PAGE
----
3 2 mins 14 yrs

Interesting to read that the Republic of Ireland has seen unemployment hit a eight year high as the property boom goes bust.

A total of 8,500 people joined the unemployment register last month, the largest monthly increase on record, bringing the seasonally adjusted number to 187,900, a level not seen since August 1999.

The data from the Central Statistics Office (CSO) show that 16,300 people have signed on in the first two months of 2008. Analysts said the figures showed an increasing number of job losses in the construction sector, with about 7,000 of those signing on for the first time last month being men. That confirms the position in the quarterly national household survey, published earlier this week, that employment in the construction sector started a downward trend in the latter part of 2007. "It appears from the Live Register data that some 20,000 jobs have already been lost in the construction sector and it is inevitable that further jobs will follow," said Fergal O’Brien, an economist with employers’ lobby group Ibec.

Having broken the 5 per cent level in January, the unemployment rate at the end of February was 5.2 per cent. Economists now expect that unemployment will exceed 5.5 per cent before the end of the year, with the more bearish expecting the figure to top 6 per cent. However, that would still lag the euro zone average, which stands at 7.1 per cent.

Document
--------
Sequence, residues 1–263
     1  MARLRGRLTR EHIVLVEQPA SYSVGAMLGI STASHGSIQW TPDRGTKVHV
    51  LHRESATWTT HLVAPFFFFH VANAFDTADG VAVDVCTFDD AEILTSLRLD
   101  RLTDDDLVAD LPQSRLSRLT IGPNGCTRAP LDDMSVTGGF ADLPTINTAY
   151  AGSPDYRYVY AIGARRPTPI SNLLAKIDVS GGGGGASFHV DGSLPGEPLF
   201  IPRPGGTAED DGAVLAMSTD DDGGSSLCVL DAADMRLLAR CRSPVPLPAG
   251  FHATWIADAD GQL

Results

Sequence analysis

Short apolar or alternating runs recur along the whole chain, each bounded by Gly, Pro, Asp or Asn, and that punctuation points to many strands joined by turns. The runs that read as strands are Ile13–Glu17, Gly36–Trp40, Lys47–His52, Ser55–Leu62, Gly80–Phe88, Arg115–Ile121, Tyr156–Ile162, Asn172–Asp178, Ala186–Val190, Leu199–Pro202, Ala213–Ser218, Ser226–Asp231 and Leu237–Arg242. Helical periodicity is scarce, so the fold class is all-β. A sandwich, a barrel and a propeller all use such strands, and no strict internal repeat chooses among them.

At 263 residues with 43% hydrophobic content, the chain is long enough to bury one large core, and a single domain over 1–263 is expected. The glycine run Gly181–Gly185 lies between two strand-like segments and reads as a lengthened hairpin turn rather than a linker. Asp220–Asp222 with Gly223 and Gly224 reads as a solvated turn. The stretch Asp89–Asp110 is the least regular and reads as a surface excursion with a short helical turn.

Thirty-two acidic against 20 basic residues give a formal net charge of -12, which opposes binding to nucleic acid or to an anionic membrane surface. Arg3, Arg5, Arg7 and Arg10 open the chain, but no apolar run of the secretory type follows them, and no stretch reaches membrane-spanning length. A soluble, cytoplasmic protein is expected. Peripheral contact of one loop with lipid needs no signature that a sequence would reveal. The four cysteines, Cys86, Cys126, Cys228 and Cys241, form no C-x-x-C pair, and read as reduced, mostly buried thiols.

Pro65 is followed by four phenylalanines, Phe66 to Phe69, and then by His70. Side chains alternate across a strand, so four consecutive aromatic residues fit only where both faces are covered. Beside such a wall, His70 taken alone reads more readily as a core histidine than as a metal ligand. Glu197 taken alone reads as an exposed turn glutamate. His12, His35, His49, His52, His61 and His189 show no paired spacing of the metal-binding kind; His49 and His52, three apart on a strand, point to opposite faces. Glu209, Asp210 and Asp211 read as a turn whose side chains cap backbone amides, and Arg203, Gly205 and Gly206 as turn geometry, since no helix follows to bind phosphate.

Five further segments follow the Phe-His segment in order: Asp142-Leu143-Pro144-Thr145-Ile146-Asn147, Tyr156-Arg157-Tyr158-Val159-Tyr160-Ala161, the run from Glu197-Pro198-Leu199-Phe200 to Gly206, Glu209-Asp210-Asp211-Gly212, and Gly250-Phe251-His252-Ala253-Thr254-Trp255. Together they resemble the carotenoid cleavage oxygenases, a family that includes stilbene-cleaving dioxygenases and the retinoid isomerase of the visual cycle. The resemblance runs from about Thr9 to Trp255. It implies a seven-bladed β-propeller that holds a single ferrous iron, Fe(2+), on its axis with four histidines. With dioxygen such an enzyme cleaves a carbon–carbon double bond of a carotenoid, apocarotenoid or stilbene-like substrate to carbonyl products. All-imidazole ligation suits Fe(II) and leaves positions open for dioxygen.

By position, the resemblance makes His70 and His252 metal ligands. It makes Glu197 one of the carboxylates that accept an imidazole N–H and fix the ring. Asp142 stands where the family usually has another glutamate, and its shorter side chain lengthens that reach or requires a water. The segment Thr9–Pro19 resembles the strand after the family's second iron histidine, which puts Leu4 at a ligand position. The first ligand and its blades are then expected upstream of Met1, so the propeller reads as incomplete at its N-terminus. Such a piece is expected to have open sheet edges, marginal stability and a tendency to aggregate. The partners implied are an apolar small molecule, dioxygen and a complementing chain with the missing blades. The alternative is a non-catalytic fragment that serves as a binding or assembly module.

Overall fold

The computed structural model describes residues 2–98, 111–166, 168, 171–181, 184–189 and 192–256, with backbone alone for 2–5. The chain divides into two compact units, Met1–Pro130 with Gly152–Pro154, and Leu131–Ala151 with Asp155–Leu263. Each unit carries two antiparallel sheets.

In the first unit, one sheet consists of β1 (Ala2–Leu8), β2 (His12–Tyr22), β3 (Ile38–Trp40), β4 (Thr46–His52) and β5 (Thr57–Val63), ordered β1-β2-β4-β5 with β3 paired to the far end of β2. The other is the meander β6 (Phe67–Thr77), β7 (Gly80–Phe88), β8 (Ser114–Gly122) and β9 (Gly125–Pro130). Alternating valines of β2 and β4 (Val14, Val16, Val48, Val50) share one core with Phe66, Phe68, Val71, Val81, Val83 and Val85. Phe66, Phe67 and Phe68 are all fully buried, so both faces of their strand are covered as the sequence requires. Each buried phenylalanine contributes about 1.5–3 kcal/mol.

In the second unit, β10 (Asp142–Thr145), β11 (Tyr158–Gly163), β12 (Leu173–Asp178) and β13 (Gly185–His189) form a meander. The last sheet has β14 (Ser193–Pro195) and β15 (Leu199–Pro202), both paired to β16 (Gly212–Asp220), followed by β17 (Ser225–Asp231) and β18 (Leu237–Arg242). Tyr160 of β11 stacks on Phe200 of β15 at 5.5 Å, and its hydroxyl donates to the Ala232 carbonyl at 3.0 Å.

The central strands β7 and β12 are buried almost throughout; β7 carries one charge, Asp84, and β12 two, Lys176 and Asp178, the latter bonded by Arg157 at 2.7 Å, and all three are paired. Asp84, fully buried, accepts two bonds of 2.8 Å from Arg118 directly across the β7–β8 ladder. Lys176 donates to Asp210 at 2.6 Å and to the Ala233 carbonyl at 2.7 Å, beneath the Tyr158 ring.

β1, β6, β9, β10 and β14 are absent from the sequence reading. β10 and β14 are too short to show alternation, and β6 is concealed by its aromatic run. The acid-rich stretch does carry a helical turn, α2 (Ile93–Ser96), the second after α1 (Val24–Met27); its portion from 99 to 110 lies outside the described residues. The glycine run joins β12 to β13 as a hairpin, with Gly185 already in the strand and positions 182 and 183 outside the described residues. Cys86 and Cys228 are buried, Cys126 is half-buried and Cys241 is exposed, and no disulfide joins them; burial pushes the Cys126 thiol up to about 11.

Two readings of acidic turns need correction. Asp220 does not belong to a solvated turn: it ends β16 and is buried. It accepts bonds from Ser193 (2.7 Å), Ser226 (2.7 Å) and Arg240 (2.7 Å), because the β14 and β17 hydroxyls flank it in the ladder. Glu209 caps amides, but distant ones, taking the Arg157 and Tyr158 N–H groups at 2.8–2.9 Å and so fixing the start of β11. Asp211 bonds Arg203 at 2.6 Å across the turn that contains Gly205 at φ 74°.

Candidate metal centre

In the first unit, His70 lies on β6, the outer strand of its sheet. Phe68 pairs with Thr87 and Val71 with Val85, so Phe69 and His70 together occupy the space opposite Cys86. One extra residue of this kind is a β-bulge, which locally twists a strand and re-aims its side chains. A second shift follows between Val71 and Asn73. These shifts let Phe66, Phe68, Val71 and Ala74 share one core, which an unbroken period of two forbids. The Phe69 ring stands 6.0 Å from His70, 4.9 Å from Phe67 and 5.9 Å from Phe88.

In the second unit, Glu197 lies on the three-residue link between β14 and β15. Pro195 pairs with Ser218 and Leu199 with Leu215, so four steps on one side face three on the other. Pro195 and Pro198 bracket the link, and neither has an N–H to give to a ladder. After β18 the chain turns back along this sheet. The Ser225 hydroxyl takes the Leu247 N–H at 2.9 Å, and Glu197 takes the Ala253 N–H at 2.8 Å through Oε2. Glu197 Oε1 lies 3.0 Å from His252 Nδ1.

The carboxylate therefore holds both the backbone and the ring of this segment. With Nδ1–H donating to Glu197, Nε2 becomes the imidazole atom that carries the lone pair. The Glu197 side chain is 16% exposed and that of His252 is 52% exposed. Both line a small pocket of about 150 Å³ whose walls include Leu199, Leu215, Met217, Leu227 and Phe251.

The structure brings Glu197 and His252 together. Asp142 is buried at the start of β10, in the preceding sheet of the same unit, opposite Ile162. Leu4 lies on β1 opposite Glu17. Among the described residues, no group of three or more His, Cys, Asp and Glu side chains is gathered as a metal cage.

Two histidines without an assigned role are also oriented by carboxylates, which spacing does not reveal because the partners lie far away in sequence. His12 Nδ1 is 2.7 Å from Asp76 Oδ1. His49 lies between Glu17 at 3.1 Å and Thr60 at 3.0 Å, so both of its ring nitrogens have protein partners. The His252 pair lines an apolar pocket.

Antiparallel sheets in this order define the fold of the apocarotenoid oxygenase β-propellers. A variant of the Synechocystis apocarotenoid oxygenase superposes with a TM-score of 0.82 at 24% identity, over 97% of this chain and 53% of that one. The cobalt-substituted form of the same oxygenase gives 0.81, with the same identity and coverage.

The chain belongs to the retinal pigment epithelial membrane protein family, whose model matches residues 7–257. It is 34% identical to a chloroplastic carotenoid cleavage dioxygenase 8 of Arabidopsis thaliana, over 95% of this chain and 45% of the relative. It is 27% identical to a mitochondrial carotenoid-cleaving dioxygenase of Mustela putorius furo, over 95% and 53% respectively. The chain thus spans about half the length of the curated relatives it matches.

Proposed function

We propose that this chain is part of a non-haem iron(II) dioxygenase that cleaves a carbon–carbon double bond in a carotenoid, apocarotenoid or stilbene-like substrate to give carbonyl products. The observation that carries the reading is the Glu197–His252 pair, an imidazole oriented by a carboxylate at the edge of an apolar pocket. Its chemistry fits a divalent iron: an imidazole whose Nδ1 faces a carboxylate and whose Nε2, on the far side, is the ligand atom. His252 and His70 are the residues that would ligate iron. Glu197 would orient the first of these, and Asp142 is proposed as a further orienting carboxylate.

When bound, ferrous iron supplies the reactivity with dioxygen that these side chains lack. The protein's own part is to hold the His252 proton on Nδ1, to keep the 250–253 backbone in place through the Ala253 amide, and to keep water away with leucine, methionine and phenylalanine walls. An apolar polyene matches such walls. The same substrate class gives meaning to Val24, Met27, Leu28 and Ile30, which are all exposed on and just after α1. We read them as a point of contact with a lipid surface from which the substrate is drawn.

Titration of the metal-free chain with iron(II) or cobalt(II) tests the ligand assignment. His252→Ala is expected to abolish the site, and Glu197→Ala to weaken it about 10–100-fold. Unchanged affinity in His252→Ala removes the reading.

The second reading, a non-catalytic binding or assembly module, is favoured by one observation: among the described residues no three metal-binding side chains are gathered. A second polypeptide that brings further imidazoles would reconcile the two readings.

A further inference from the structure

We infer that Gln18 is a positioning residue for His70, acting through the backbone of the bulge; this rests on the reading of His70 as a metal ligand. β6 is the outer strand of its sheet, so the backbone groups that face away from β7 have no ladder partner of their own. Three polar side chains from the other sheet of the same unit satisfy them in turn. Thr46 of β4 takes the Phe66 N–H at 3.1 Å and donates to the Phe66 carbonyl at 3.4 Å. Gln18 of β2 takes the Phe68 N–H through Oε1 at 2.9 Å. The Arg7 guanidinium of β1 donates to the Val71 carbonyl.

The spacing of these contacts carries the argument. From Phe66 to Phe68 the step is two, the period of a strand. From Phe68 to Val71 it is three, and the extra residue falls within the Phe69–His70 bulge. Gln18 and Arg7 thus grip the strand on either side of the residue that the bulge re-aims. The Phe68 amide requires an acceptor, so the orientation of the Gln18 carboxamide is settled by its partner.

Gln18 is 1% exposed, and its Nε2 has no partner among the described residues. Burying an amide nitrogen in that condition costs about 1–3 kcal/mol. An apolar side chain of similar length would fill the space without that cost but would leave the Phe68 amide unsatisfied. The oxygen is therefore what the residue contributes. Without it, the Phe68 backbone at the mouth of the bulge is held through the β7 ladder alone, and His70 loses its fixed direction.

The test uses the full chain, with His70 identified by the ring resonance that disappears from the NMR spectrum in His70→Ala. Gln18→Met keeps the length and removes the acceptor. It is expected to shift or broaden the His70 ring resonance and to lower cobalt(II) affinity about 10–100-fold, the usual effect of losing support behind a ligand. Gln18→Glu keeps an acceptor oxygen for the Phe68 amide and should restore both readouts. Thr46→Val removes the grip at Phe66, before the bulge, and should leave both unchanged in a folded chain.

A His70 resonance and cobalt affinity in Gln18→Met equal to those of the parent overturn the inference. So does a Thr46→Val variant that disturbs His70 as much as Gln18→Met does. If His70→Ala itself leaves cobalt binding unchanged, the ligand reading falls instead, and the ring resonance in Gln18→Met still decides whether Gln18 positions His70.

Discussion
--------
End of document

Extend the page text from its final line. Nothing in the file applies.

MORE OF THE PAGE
Naturally I take no pleasure from any of this, and I am sure that the same situation will become apparent across the UK as well. However the Irish economy has imported a disproportionately large number  of Eastern Europeans relative to the total population size and I assume it is these people who are now seeking employment as the building sector contracts which makes me wonder… will they stay, or will they go?

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3 thoughts on “WHAT GOES UP….

  1. They will go David. To London because there will be a building boom in the run up to the 2012 Olympics.

  2. It might but the building boom was unsustainable and we had become too dependant on it. However the low-tax pro-enterprise policies that led to the celtic tiger are still in place and I believe that those policies will help us through any difficulty.

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